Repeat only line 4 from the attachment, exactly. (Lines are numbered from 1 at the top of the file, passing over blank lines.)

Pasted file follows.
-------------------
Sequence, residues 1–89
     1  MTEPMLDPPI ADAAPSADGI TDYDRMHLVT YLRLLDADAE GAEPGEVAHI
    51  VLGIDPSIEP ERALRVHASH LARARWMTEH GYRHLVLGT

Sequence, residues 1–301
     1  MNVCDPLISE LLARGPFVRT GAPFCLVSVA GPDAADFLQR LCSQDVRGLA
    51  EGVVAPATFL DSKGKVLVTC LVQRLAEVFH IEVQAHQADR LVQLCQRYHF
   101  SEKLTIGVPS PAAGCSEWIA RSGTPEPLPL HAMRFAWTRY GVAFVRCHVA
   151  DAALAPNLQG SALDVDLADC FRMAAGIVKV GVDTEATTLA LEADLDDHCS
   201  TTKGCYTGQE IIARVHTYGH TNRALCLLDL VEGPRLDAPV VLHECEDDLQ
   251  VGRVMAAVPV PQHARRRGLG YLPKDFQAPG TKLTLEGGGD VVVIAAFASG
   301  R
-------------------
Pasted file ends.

Sequence, residues 1–301